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Hawkeye -- Reporting for duty -- Camp Bastion -- A reason to live -- Legs -- Apocalypse now and again -- Boredom -- Christmas in June -- A record-breaking month -- A trip to Kandahar -- War is nasty -- Hell of a way to start your day -- Back home

A Doctor of Sorts

Author : V.J. Downie
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A lively memoir from a surgeon who has seen war, death, and sorrow—but always retains his sense of humor. This anecdotal memoir comes from a surgeon who, from the harrowing account of the crossing of the River Rapido in World War II to the tale of a man with a poker in a very inconvenient place, reveals himself to be a man of wit and compassion as well as a skillful storyteller. With reflections on subjects including the physiology of courage, A Doctor of Sorts is a poignant and often entertaining read for anyone interested in medicine—or simply the human condition.

The Criminalization of Medicine

Author : Ronald T. Libby
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Describes how and why doctors have become political scapegoats, subject to "witch hunts and commando-style raids" by law enforcement, why society has let this happen and what can be done to end this unjust "war" on doctors.

Biographical Dictionary of Women s Movements and Feminisms in Central Eastern and South Eastern Europe

Author : Francisca de Haan
File Size : 45.15 MB
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Annotation Contains 150 biogrpahical portraits of women and men who were active in, or part of, the women's movement and feminisms in 22 countries in Central, Eastern and South Eastern Europe in the 19th and 20th centuries.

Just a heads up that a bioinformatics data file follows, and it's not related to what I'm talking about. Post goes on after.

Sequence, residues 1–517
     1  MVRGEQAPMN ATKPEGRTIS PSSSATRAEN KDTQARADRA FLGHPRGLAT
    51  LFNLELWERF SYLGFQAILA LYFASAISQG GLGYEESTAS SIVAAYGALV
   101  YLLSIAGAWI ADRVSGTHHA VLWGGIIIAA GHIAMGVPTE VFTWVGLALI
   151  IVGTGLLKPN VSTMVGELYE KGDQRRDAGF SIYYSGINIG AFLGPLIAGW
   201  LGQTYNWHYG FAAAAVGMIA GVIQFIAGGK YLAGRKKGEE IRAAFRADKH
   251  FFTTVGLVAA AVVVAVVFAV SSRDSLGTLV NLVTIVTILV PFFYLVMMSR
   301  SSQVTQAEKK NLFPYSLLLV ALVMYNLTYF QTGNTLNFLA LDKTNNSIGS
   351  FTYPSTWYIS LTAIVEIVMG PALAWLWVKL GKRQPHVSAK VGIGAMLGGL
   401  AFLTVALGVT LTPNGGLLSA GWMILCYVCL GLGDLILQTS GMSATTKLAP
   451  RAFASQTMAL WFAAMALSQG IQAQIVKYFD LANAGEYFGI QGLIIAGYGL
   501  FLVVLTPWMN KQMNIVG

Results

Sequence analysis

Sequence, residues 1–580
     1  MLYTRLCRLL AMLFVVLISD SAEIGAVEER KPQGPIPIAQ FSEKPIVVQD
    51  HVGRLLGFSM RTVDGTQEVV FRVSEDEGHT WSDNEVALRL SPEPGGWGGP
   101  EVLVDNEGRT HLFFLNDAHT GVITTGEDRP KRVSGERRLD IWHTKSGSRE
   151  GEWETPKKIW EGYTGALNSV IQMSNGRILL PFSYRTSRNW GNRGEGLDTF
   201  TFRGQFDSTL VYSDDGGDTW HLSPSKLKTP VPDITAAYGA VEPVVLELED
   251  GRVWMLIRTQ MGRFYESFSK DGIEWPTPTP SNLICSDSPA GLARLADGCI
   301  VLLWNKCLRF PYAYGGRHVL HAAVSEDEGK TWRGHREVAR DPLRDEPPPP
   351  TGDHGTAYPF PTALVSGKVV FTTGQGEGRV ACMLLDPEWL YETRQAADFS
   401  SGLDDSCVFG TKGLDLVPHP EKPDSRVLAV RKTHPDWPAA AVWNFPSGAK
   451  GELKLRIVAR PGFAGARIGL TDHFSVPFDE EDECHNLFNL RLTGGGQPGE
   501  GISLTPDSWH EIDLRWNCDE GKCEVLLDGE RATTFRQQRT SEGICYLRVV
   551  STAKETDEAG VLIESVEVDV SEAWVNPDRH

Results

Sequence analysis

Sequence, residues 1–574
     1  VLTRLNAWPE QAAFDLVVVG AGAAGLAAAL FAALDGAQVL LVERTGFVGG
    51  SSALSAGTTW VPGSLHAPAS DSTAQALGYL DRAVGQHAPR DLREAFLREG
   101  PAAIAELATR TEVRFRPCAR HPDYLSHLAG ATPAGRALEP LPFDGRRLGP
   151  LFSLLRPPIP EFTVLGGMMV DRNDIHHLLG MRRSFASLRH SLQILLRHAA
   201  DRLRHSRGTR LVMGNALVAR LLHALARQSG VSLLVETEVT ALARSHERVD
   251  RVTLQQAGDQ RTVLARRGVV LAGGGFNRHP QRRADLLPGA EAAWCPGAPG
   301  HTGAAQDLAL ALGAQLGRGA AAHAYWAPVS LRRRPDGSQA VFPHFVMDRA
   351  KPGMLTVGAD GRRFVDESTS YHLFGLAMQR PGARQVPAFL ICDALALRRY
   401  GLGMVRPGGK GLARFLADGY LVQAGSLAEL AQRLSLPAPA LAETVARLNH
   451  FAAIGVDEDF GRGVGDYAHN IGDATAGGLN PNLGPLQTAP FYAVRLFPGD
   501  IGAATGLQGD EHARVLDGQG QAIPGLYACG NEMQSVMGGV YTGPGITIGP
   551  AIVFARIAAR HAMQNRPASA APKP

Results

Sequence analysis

The War of 1812

Author : Diana Childress
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Describes the War of 1812, the reasons behind it, the action, and its effect on the country, using personal accounts of people who were there.

Sick from Freedom

Author : Jim Downs
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Bondspeople who fled from slavery during and after the Civil War did not expect that their flight toward freedom would lead to sickness, disease, suffering, and death. But the war produced the largest biological crisis of the nineteenth century, and as historian Jim Downs reveals in this groundbreaking volume, it had deadly consequences for hundreds of thousands of freed people. In Sick from Freedom, Downs recovers the untold story of one of the bitterest ironies in American history--that the emancipation of the slaves, seen as one of the great turning points in U.S. history, had devastating consequences for innumerable freed people. Drawing on massive new research into the records of the Medical Division of the Freedmen's Bureau-a nascent national health system that cared for more than one million freed slaves-he shows how the collapse of the plantation economy released a plague of lethal diseases. With emancipation, African Americans seized the chance to move, migrating as never before. But in their journey to freedom, they also encountered yellow fever, smallpox, cholera, dysentery, malnutrition, and exposure. To address this crisis, the Medical Division hired more than 120 physicians, establishing some forty underfinanced and understaffed hospitals scattered throughout the South, largely in response to medical emergencies. Downs shows that the goal of the Medical Division was to promote a healthy workforce, an aim which often excluded a wide range of freedpeople, including women, the elderly, the physically disabled, and children. Downs concludes by tracing how the Reconstruction policy was then implemented in the American West, where it was disastrously applied to Native Americans. The widespread medical calamity sparked by emancipation is an overlooked episode of the Civil War and its aftermath, poignantly revealed in Sick from Freedom.